Democratic Rep. Carolyn Maloney, for one, is not giving up on the quest for more gun control measures, and is convinced that further gun legislation “will pass eventually” — but she drew a few rather dubious conclusions in the process.
As it stands right now, Tamerlan, as we know now, was on the terrorist watch list, so we know a gun check would stop him. If there was a background check, as it stands now, Tamerlan… or the next terrorist, can go to any gun show, and buy a hundred-round magazine. They can buy all the assault weapons they want, no questions asked. The gun lobby has the upper hand now, even though 90 percent of Americans want gun safety. This in no way infringes on the right of law-abiding Americans… but for the terrorist, for the bad guys, let’s pass sensible gun-safety legislation.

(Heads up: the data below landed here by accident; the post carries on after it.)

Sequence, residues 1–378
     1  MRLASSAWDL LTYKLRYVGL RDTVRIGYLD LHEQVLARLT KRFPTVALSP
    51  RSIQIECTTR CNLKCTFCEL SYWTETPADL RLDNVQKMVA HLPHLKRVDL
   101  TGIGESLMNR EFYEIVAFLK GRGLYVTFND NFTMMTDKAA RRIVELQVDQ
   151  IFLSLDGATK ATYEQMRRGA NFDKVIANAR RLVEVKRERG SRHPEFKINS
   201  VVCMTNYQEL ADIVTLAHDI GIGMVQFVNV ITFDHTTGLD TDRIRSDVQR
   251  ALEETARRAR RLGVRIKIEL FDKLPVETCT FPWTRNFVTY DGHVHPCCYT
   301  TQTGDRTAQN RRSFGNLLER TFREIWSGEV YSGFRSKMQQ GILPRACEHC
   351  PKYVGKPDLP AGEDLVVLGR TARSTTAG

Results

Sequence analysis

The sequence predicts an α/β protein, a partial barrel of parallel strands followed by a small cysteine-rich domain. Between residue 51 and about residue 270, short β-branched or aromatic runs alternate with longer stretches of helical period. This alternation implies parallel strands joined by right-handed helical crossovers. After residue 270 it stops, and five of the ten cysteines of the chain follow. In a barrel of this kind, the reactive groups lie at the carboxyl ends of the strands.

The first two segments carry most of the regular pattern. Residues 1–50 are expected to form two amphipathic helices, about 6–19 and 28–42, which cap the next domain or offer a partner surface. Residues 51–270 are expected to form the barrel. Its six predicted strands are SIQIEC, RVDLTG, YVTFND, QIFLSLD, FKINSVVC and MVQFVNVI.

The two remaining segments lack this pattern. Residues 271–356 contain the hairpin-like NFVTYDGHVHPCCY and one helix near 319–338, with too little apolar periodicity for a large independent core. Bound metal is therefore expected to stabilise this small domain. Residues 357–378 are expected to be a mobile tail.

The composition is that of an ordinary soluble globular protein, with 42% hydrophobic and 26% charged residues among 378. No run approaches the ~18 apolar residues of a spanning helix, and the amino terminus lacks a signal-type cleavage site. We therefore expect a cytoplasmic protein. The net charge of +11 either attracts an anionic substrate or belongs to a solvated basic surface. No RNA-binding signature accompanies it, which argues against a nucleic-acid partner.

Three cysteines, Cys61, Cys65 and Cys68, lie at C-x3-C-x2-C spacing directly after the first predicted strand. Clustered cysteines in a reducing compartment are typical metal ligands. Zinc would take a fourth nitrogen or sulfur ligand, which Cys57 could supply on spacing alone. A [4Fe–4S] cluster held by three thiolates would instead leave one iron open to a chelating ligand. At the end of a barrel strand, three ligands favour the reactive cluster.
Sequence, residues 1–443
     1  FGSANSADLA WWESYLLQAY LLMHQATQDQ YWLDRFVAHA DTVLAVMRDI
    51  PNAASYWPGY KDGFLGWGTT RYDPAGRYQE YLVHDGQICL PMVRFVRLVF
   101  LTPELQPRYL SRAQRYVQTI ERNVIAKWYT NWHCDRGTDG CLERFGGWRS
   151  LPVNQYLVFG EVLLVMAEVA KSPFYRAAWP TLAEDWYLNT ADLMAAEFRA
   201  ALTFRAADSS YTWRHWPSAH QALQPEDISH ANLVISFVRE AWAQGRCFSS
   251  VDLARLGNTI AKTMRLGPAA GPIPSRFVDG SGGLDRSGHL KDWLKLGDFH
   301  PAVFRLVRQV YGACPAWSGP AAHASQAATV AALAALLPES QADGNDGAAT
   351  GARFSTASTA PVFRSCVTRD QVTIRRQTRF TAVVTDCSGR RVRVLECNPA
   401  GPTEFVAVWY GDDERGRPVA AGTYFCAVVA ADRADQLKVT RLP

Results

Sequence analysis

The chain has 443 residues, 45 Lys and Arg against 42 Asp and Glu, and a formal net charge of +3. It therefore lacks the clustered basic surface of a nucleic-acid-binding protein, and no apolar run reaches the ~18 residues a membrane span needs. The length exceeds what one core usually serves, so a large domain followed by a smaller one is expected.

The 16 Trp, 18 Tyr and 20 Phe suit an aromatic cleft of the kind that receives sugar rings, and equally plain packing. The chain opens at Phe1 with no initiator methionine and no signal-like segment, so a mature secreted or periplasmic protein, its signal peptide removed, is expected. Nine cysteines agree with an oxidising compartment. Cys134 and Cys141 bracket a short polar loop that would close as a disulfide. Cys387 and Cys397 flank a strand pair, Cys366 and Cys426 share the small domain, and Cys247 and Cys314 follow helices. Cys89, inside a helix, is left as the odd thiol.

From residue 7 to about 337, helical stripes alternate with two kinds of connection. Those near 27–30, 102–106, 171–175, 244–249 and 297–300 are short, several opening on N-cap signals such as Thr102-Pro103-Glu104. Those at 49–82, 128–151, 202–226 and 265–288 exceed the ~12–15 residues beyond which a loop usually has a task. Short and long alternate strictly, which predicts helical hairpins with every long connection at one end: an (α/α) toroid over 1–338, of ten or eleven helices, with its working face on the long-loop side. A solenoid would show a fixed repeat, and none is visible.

Er, “we know a gun check would stop him,” really? That’s quite the conclusion to draw, considering that A) the most recent update from ABC reports the only gun recovered so far from the scene of the Tsarnaev brothers’ shootout was a semiautomatic handgun with its serial number scratched off, suggesting that it was probably purchased through illicit means that wouldn’t have subjected to a background check no matter what; and B) the brothers somehow neglected to register for gun permits as required in Massachusetts, suggesting that they were pretty unconcerned with the law — as also evidenced by their blowing up a busy street with pressure-cooker bombs. (Not to mention, that “90 percent” figure is getting wildly overused as an indicator of public opinion that isn’t nearly as robust as it makes it out to be.) Lawmakers have been arguing over introducing some stringent coordination between the terror watch list and background checks, but let’s not make it sound like universal background checks would have definitively thwarted the Boston bombing nor are a reliable method for thwarting terrorism in general, shall we?